Cardiovascular Surgery and Interventions 2020, Vol 7, Num 2 Page(s):
Suggestion for distance and route between operator and patient during coronary angiography during pandemic
DOI: 10.5606/e-cvsi.2020.780
Hakan Göçer1, Ahmet Barış Durukan2
1Department of Cardiology, Medical Park Uşak Hospital, Uşak, Turkey
2Department of Cardiovascular Surgery, Medical Park Uşak Hospital, Uşak, Turkey
The coronavirus is spread from person to person via aerosolized droplets and, therefore, individuals in close contact are at the highest risk. The same is also valid for healthcare workers during every procedure.[1]

Respiratory droplets can land in the upper respiratory tract. Alternatively, droplets can land on face and, the next time you touch your face or eye, you can infect yourself. Thus, even if an appropriate mask and glasses are worn, safe distance should be kept.[1]

We are all aware of that influenza virus is spread in a similar way. One study showed that, when the healthcare workers were within 1.8 m of patients with influenza, the risk of being infected increased.[2] Besides, recent studies from China revealed the importance of safe distance.[3,4]

The operator and patient distance is an important issue during this pandemic. Despite D-class protection during angiographic procedures are worn and safe distance to patient shall be kept away as much as possible.[3-5] Recent studies have suggested that secure distance without protection measures is 1.5 m, when a patient is infected or suspected with novel coronavirus 2019 (COVID-19) infection. Every safety measure must be taken. During coronary angiography, an isolated angiography room with negative pressure must be selected, and protective garments and masks must be worn. If the radial route is preferred, distance between the operator and patient poses a risk for contamination. Therefore, the femoral route, which is the one with furthest possible distance, should be preferred during angiographic procedures.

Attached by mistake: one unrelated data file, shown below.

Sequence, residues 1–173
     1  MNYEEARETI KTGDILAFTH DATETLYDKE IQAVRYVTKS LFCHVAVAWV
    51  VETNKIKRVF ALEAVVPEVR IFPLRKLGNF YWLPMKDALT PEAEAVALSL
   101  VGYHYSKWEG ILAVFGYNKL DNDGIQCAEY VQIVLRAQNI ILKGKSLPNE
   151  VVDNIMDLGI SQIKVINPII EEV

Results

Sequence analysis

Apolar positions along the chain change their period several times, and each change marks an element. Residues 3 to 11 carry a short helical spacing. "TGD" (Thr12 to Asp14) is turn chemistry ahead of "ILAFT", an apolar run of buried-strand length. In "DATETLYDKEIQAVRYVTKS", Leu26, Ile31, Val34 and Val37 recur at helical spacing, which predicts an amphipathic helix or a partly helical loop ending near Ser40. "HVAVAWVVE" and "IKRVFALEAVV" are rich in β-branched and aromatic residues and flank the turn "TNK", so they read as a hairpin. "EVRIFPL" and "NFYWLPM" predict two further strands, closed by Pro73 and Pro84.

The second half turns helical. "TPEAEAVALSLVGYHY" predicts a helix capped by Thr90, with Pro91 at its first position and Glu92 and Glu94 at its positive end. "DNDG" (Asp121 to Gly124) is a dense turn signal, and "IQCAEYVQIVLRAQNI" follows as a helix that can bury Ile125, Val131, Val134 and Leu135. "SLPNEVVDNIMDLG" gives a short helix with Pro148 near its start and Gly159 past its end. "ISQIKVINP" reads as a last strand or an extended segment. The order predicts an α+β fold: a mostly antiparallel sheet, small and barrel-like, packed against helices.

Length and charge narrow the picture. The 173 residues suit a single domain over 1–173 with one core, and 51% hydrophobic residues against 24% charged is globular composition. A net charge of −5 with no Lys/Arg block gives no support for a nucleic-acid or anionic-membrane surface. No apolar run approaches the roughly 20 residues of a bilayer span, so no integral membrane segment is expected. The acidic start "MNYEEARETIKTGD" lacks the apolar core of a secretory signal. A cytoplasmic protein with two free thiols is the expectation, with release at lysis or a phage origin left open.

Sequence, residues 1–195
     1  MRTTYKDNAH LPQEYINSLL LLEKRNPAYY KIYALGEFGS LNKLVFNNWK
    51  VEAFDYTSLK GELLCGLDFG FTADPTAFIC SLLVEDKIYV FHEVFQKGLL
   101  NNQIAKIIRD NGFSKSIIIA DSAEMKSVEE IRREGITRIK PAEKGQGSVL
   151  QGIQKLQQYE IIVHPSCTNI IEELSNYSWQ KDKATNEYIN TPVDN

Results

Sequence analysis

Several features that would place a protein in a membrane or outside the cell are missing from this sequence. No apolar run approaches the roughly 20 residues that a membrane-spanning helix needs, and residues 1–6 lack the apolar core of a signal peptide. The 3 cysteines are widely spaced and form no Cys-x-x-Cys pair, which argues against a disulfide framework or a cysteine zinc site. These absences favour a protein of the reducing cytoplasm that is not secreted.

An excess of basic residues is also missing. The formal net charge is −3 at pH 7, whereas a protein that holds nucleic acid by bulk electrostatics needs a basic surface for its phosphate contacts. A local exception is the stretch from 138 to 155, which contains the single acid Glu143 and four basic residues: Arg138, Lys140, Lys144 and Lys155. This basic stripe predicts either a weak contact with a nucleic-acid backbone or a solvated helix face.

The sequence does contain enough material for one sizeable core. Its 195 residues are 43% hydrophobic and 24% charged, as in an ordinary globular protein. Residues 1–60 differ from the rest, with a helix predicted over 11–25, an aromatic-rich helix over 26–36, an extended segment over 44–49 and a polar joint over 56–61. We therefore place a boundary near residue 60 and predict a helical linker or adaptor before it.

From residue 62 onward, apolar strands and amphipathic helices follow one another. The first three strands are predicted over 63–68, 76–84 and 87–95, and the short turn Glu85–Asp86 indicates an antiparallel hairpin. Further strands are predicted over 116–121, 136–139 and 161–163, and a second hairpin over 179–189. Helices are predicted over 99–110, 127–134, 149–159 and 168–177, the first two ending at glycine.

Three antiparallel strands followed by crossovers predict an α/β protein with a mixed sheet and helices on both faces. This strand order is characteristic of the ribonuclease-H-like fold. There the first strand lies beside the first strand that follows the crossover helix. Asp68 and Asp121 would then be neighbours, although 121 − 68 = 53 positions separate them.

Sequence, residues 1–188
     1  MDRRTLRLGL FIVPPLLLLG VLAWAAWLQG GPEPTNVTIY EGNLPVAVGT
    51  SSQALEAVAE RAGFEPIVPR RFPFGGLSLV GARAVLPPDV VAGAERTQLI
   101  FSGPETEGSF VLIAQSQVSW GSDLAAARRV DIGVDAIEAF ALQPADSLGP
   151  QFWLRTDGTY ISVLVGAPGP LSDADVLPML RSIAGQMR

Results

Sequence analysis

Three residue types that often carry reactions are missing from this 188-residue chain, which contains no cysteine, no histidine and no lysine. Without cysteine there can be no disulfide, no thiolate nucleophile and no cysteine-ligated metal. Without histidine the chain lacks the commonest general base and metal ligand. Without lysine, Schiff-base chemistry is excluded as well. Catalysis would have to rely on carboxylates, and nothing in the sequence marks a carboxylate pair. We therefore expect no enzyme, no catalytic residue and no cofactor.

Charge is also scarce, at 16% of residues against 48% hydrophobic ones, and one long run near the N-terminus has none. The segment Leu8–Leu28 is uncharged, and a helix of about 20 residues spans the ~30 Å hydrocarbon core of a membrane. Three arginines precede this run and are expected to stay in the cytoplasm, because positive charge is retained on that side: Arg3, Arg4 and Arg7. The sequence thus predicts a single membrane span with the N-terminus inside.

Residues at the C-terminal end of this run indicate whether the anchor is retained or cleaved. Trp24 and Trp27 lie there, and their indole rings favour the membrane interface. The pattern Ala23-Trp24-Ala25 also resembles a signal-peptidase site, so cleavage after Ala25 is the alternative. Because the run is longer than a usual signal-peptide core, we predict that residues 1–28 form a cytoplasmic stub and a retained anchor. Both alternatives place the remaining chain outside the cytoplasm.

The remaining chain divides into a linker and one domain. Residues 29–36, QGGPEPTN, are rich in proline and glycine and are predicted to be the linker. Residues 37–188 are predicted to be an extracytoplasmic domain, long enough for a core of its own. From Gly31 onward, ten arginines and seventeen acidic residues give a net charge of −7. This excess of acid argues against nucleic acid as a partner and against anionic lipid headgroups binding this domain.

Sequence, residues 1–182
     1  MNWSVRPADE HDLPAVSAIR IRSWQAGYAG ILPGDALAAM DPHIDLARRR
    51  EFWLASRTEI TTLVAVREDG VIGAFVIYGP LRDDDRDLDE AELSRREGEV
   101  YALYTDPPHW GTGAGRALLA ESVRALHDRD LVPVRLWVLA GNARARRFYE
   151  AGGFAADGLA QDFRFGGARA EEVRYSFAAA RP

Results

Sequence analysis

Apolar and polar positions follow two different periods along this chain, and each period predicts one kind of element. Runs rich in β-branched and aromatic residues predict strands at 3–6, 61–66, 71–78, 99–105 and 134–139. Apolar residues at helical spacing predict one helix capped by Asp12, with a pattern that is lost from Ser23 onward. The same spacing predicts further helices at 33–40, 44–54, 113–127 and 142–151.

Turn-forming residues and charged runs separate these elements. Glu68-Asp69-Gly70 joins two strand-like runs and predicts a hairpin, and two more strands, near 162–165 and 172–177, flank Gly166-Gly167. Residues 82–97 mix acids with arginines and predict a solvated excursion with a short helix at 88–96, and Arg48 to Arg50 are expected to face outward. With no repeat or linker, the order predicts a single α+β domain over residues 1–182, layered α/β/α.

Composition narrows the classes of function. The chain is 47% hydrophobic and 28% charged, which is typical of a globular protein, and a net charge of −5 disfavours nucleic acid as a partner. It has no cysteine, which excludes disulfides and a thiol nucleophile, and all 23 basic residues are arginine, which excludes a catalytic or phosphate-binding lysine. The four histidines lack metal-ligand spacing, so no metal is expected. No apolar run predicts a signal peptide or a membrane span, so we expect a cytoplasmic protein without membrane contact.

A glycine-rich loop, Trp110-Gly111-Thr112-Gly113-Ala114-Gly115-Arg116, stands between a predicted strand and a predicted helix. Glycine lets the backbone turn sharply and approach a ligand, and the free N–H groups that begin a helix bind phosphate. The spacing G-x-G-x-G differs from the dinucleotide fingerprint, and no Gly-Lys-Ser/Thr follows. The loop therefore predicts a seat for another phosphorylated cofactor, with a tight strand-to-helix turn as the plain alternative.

Declaration of conflicting interests
The authors declared no conflicts of interest with respect to the authorship and/or publication of this article.

The authors received no financial support for the research and/or authorship of this article.

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  • Introduction
  • References
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    2) Bischoff WE, Swett K, Leng I, Peters TR. Exposure to influenza virus aerosols during routine patient care. J Infect Dis 2013;207:1037-46.

    3) Wang Q, Yu C. The role of masks and respirator protection against SARS-CoV-2. Infect Control Hosp Epidemiol 2020;41:746-7.

    4) Mavioğlu HL, Ünal EU, Aşkın G, Küçüker ŞA, Özatik MA. Perioperative planning for cardiovascular operations in the COVID-19 pandemic. Turk Gogus Kalp Dama 2020;28:236-43.

    5) Kamer E, Çolak T. What to Do When A Patient Infected With COVID-19 Needs An Operation: A Pre-surgery, Peri-surgery and Post-surgery Guide. Turk J Colorectal Dis 2020;30:1-8.

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  • Introduction
  • References